35. Marie

    Wow. Another great post! And I needed to hear this today. I admire you for letting the Holy Spirit lead you to that book. When you are so open like that, you learn so much and all of us (your readers) learn a lot too! So thanks.

  36. Laura

    Excellent post and very timely for things that I am stressing over in my life right now, which, in reality, won't mean a hill of beans in 400 years…or even 1 year for that matter. I believe the Holy Spirit led me here for a very specific purpose…Thank you!

  37. Potamiaena

    When they are screaming, how about singing?

    IMHO: No sports for 5 year olds. No ballet either. It's a waste of time and money at this age. Backyards with dad are the way to go.

    There will be lots of time for the activities later. The kids will not have missed out.

    I must get the St. Francis de Sales books! Thanks!

  38. cathy

    I have a similar collection of letters by St. Francis – and this was one of my favorite entries, too. Ah, the wisdom of the saints are timeless! 🙂

  39. Laura G

    Thank you for lovely post. Have been enjoying your blog for a few months, and this one really spoke to me. The Holy Spirit surely woke you to be His messenger to all your blog readers, as well as yourself!
    I'm racing around readying the house for a 1st Communion party in a few days, and this put my efforts into perspective! Thanks..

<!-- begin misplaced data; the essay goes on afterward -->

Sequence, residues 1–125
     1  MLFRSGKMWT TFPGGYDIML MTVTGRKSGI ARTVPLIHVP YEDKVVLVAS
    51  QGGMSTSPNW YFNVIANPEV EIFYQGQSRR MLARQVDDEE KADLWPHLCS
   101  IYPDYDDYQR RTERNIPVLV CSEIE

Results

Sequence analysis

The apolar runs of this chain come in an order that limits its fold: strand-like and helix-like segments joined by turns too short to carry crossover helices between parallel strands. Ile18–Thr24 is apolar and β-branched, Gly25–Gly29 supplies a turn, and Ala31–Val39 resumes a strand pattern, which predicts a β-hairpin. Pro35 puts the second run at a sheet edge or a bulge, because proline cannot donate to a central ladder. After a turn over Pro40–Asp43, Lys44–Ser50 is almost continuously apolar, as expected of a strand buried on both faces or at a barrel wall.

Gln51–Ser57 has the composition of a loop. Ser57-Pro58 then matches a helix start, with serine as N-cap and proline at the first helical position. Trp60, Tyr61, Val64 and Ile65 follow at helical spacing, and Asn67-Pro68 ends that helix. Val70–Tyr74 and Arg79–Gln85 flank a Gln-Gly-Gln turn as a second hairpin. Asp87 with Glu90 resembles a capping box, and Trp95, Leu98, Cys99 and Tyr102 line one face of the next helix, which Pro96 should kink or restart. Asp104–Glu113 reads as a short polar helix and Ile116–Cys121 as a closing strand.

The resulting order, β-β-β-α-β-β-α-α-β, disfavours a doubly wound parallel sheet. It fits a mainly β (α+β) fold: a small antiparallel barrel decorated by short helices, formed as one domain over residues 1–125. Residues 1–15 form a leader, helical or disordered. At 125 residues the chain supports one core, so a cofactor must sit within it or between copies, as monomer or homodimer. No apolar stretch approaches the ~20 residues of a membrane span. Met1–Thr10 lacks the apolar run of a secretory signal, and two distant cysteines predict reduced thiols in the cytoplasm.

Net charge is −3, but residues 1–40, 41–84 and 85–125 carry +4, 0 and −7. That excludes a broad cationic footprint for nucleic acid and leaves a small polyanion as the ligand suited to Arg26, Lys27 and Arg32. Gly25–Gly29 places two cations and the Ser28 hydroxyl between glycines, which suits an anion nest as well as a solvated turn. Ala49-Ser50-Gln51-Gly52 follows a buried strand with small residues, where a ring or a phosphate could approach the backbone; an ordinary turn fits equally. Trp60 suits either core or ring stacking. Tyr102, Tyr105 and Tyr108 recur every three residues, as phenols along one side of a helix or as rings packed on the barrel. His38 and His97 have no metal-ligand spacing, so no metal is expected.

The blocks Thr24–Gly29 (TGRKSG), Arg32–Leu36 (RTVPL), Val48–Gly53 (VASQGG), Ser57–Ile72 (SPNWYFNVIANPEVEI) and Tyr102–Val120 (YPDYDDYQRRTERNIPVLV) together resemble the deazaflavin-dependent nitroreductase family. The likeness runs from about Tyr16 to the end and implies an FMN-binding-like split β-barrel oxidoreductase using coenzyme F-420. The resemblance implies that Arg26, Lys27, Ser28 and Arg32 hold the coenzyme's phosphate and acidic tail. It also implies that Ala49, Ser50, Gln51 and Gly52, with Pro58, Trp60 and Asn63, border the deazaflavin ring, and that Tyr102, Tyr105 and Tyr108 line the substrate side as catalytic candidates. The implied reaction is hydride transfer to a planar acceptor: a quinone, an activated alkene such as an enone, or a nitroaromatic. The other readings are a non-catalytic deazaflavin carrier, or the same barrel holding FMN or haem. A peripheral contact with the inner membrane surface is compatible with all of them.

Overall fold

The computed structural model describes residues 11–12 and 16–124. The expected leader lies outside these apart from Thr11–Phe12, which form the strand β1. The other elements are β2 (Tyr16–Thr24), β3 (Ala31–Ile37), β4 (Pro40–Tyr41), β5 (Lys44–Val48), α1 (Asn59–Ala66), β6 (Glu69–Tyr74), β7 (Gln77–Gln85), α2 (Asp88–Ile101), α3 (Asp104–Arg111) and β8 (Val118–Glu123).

40. Anonymous

    Thank you so much for this post! Your blog is such a blessing to me, and I hope you realize how much God is using you to help others in their faith journey. (I am a recent convert – confirmed Easter 2010).

  41. Laura

    Those dead people always give the best advice. Thanks for sharing these wise words. Trying to apply them here…

  42. Grace in my Heart

    I'm currently reading Finding God's Will for You (also by St. Frances de Sales) as I navigate through the pains of infertility and the joy of adoption. It truly is amazing how certain books and passages within them really stick out just when you need them to. Thanks for sharing!

  43. marnie

    Thank you! I think I'll get away from the computer and go out to play in the rain with my kids. Be a little child like and imagine Papa God's smile.